Submitted to: International Poultry Scientific Forum
Publication Type: Abstract Only
Publication Acceptance Date: October 15, 2010
Publication Date: January 24, 2011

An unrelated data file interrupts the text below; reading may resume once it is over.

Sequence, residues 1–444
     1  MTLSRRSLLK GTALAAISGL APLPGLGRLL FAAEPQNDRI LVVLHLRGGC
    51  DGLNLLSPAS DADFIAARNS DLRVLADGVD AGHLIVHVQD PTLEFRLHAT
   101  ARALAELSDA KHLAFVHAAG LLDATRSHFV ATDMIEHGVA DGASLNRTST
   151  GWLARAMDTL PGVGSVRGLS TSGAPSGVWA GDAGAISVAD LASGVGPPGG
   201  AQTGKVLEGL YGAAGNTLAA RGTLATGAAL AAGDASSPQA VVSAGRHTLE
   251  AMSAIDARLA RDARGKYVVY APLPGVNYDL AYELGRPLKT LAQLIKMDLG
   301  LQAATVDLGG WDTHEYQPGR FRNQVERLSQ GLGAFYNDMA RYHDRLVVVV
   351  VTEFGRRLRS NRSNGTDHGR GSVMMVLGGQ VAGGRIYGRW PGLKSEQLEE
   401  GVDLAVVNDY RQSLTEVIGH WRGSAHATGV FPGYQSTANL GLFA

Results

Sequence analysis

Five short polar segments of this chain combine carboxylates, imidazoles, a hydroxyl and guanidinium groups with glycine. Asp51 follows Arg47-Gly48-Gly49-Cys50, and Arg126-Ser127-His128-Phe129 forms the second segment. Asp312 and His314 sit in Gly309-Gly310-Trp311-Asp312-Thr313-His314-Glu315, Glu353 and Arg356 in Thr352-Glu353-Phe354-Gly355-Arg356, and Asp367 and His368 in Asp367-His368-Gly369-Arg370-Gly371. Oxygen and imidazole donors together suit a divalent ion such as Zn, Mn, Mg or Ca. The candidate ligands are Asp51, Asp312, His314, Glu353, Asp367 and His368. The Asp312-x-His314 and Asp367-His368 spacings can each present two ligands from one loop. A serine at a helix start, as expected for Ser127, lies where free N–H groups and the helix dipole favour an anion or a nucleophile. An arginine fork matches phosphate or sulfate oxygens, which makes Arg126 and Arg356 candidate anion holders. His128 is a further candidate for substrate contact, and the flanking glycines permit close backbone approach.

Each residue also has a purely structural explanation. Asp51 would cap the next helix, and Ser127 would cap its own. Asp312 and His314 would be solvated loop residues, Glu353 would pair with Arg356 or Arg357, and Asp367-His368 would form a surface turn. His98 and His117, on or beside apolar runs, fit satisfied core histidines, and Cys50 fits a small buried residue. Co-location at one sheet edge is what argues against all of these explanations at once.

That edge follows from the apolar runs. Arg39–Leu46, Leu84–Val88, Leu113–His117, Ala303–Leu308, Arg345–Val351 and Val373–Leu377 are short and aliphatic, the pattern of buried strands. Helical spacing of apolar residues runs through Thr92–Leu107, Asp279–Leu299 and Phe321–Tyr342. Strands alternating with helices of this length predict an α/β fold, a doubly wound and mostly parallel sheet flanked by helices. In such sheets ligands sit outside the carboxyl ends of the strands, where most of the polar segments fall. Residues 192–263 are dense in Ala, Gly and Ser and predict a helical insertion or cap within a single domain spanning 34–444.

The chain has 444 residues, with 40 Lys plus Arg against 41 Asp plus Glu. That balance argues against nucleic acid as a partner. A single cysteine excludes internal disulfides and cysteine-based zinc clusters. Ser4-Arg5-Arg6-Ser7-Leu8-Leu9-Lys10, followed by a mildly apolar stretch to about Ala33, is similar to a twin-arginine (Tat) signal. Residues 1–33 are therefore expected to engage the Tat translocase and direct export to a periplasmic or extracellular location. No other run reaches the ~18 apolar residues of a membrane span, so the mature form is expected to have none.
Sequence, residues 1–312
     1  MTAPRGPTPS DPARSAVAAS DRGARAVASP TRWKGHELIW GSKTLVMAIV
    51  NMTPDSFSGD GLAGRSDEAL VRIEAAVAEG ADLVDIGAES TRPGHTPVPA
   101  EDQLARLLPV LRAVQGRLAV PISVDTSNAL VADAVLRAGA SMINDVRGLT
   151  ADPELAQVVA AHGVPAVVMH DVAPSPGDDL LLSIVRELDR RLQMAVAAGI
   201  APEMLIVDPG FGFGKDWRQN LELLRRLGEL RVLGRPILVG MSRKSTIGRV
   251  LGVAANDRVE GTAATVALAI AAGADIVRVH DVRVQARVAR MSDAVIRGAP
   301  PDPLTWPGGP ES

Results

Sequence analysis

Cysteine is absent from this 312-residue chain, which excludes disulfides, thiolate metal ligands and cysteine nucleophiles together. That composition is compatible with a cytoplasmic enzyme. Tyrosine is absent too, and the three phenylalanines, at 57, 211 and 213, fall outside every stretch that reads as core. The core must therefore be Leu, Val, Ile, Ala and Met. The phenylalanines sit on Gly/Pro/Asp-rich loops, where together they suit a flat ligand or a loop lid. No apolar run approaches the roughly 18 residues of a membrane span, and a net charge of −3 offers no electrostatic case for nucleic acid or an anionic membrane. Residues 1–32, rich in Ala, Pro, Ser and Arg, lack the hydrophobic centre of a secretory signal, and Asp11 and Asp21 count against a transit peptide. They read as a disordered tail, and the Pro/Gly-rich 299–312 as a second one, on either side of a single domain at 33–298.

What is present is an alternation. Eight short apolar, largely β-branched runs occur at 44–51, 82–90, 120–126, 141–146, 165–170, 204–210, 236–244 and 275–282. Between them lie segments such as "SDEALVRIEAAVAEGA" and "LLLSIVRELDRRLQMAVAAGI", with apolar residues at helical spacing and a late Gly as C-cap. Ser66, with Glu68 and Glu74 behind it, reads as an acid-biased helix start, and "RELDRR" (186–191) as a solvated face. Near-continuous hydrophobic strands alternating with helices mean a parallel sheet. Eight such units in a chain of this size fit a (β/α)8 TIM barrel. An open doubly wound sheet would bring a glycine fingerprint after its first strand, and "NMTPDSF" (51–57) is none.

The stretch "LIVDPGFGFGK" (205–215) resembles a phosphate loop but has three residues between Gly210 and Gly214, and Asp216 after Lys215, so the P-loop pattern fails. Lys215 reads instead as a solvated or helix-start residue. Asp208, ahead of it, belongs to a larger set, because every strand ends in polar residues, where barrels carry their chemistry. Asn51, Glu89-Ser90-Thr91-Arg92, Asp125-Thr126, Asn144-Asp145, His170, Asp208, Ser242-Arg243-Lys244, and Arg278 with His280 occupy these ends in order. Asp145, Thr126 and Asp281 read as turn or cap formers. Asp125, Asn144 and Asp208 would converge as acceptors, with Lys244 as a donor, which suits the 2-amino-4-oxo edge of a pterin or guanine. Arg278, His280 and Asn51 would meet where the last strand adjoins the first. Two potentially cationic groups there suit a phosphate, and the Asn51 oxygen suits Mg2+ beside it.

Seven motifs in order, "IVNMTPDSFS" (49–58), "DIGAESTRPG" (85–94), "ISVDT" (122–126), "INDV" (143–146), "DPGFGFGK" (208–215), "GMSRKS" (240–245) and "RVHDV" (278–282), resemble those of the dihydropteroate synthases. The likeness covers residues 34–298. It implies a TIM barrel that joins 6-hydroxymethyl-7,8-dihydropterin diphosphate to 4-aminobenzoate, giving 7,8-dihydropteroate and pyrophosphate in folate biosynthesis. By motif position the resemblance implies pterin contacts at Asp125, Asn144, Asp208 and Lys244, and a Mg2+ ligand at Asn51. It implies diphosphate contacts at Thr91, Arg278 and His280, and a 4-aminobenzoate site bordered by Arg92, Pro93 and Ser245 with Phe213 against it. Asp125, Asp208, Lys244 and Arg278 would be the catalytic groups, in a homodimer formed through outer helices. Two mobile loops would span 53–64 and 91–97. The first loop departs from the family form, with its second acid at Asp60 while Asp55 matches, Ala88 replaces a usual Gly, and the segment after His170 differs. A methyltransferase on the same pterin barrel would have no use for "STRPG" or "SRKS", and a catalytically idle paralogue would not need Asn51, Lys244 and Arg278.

Citation: Holmes, J.M., Buhr, R.J., Cason Jr, J.A., Cox Jr, N.A., Bourassa, D.V., Rigsby, L.L., Cray, P.J. 2011. Salmonella Recovery Following Immersion Chilling for Matched Neck Skin and Whole Carcass Enrichment Sampling Methodologies. International Poultry Scientific Forum. p.16. Technical Abstract: The prevalence and serogroups of Salmonella recovered following immersion chilling were determined for both neck skin and the matching whole carcass enriched samples. Commercially processed and eviscerated broiler carcasses were immersion chilled in ice and tap water for 40 min. Following immersion chilling, each carcass was hung by the wing for 5 min to allow water to drip. From each carcass, the neck skin (8.3 g) was removed and stomached in 83 mL 1% buffered peptone water. The remaining carcass was subjected to whole carcass enrichment in 400 mL 1% buffered peptone water. Both the neck skins and whole carcasses were incubated at 37C for 24 h before aliquots were transferred to selective enrichment broths (RV and TT). Following incubation, BGS and MLIA plates were streaked and incubated at 37C for 24 h. From each plate, three colonies displaying typical Salmonella characteristics were individually stabbed into TSI and LIA slants. For neck skin samples, 12/40 were Salmonella-positive with 11 identified as serogroup C3 and 1 identified as serogroup B. For whole carcass enrichment, 37/40 were Salmonella-positive with 11 identified as serogroup B, 33 identified as serogroup C3, and 11 identified as serogroup D. Three different Salmonella serogroups were detected on two of the whole carcasses (C3/D/B) while no Salmonella was detected on the matching neck skin samples. Two different Salmonella serogroups were detected on twelve whole carcass samples either (C3/B) or (C3/D) while no Salmonella was detected on the corresponding neck skin samples. A representative group of D, B and C3 positive serogroups were serotyped and found to be S. Typhimurium, S. Kiambu, and S. Kentucky respectively. Of the three Salmonella-negative carcasses, only one corresponding neck skin was Salmonella-positive. For the 28 negative neck skin samples, 26 had Salmonella-positive matching whole carcasses. In this study, the whole carcass enrichment was superior to neck skin excision, detecting Salmonella on 92% versus 30% of the samples, respectively.